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Anjuly Mathai
Anjuly Mathai

BRASIL 2014

Wearable football

Wearable football (From left) Alive and kicking: Lionel Messi at the Ballon d'Or gala in 2013; The former English footballer Beckham at the 2014 Wimbledon Championships; Cristiano Ronaldo is known for his zany fashion sense

On the pleasures of watching Messi in Armani and the Azzurri in D&G

From motorcycle chic to outsized shoulder pads to a sort of Mexican drug lord look, it seemed like David Beckham had done it all. He had a swagger, confidence, a devil-may-care attitude that not many could pull off without looking slightly retarded. In an age when metrosexuality was still in its infancy, Beckham proved that real men are not afraid to cry. Or wear skirts. He scored a rather dubious sartorial goal when he was photographed in the mid-1990s wearing a Jean-Paul Gaultier version of a sarong.

“Even today, no other footballer comes close to Beckham,” says fashion choreographer Anu Ahuja. “If I were to give him 100 points, the others would get around 20 points.”

The 1990s were also the age of the Spice Boys, composed of a few Liverpool F.C. footballers like Jamie Redknapp, David James and Robbie Fowler, known for their profligate lifestyles off the field and rather dismal performances on it. Perhaps their most notorious moment was when they strutted around the pitch in cream Emporio Armani suits before a game which they promptly lost to rivals Manchester United.

Since then, such circus antics have petered out, but the suits have stayed. At a time when models sashayed down ramps in baggy and distended designer suits, Beckham knew that the future would belong to the slim and tailored look. It was akin to a prophecy because at this edition of the World Cup in Brazil, most teams channelled the look when they arrived in Brazil. Only the embellishments varied. The Japanese, for example, wore checked suits accessorised with diamond-print ties. Watching the Italian team walk down the jet bridge in three-piece Dolce & Gabbana suits was like watching models in a Gillette advertisement, but with clothes on. All that was missing was Jay-Z rapping in the background.

Coming to jerseys, my favourite is the French one, with its elegant navy palette and simple white collar. Cameroon’s heritage ikat print comes a close second. Argentina’s blue and white striped jersey looks like it belongs on a prison inmate; Croatia’s red-and-white checkerboard jersey gives me a headache; I’m not exactly sure what the Portuguese were thinking when they designed their ‘stripes disappearing into blobs’ jersey; and, those unimaginative English just went with boring white.

“If I were to design a country’s jersey, the predominant concern would be practicality and comfort,” says fashion designer Rahul Reddy. “Then would come aesthetics and what’s appealing to the eye. The colours should be striking so that the team stands out and some element of patriotism should also be incorporated into the design of the jersey.”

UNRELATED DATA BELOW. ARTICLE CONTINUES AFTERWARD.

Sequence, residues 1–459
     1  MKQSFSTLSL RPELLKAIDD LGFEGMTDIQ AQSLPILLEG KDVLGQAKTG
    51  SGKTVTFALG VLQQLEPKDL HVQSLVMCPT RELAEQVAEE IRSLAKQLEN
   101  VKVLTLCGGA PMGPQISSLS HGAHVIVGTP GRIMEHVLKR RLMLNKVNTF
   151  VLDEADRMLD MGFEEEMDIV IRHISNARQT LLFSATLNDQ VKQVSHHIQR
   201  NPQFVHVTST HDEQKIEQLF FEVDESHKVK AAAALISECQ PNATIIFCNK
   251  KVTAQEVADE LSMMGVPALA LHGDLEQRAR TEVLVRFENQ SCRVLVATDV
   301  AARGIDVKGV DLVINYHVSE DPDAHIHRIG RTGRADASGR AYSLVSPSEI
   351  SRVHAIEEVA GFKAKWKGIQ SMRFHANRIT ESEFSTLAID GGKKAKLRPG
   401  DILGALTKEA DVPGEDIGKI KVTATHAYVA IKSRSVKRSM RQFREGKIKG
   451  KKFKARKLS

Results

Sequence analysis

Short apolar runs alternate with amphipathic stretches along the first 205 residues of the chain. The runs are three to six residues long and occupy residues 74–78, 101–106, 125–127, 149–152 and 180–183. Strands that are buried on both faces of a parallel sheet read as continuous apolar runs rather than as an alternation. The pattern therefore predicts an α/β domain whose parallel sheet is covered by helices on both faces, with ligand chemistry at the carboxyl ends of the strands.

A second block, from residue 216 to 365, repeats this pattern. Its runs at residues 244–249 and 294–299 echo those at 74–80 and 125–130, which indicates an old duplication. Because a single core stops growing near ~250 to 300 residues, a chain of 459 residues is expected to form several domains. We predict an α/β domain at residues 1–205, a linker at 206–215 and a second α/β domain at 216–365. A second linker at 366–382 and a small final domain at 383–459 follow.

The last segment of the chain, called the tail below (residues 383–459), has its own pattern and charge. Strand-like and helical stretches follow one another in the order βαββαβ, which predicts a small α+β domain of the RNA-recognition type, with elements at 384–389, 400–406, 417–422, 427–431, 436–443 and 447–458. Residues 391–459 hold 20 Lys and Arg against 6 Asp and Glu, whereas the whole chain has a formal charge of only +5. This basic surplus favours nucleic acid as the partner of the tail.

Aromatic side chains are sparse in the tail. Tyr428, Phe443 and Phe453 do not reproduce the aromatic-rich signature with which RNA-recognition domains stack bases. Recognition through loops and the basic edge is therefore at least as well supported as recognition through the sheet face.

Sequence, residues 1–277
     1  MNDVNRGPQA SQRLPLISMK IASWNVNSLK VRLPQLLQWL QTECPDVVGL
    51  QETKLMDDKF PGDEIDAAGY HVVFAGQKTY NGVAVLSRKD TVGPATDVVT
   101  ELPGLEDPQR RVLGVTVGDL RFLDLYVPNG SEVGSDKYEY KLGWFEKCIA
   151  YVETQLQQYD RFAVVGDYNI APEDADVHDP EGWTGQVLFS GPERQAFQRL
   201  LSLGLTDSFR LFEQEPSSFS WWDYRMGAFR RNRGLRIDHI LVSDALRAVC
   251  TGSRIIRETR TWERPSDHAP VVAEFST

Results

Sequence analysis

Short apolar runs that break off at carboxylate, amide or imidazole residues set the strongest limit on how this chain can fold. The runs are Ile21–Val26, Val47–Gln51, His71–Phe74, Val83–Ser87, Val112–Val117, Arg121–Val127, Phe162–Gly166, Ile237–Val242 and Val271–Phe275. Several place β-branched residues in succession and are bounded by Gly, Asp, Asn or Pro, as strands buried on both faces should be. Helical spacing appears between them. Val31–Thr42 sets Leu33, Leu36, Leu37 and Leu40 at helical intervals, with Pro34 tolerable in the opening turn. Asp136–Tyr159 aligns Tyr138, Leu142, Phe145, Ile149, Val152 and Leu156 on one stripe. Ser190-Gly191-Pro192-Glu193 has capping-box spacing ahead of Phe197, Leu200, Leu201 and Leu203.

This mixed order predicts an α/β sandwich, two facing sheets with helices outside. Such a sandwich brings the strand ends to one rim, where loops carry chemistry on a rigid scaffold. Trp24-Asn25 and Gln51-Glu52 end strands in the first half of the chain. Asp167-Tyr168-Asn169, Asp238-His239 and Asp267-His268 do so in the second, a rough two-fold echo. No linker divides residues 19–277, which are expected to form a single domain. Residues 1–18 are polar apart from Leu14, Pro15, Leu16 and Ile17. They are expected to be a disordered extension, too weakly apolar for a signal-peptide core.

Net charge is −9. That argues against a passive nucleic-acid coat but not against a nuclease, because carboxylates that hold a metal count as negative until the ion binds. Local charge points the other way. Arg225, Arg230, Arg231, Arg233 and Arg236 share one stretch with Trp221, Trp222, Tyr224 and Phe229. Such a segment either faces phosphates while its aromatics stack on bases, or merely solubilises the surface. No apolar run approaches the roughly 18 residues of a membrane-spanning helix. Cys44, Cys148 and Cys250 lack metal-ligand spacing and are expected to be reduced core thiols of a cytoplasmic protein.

It is difficult to pinpoint exactly when fashion started infiltrating football. Perhaps sometime in the 1960s when restrictions on the earnings of footballers were lifted and players were free to satisfy their fashion pangs. The book Fashion of Football by Paolo Hewitt and Mark Baxter details how, in the 1970s, the Chelsea team used King’s Road boutiques to win psychological battles against rivals Leeds. In the 1980s, it was the zany style sense of British black footballers that became fashion’s talking point. The 1990s, of course, belonged to Beckham and his outlandish hippie looks.

Wearable football The Italian team arrived in Brazil in Dolce & Gabbana suits | Reuters

Perhaps it is the uniformity of the jerseys on the field that causes players to break free off it. As Ahuja says, most of them are not your regular blokes. They are extremely outgoing and adventurous and they love to experiment. Lionel Messi, for example, sported a polka-dotted bow tie and matching suit at the Ballon d’Or ceremony in 2013. Cristiano Ronaldo claims to love wearing tight trunks and pink flowers. And the king of bling, Spanish centre back Sergio Ramos, once wore metallic gold shorts and shiny foil letters on his sweater. You name it, they’ve flaunted it.

But, maybe they are most rebellious when it comes to their hairstyles. “Many players sport wacky hairstyles because it’s their only way to grab attention,” says fashion designer Bobby Grover. “Everything else is the same―the jerseys, the shoes. But when it comes to hair, they get a chance to project themselves as fashion icons.”

Ever since the bubble perm of the 1970s became a hit with footballers, these players have become dons of dreadlocks. In the 1990s, England midfielder Paul Gascoigne bleached the top half of his head, leaving the bottom brown. Colombian midfielder Carlos Valderrama knotted his hair into fashionable orange ringlets. Cristiano Ronaldo sported three separate hairdos this tournament and Neymar Jr recently summoned a stylist to bleach his hair before the game against Mexico. Ramos is rocking a buzz-cut side, Mohawk top combination and Luiz Suarez a slightly diagonal faux hawk cut. They might be lions on the field, but their ludicrous hairstyles give the impression that they are not so tough off it. Their bark might be worse than their bite. Except, of course, in the case of Suarez.

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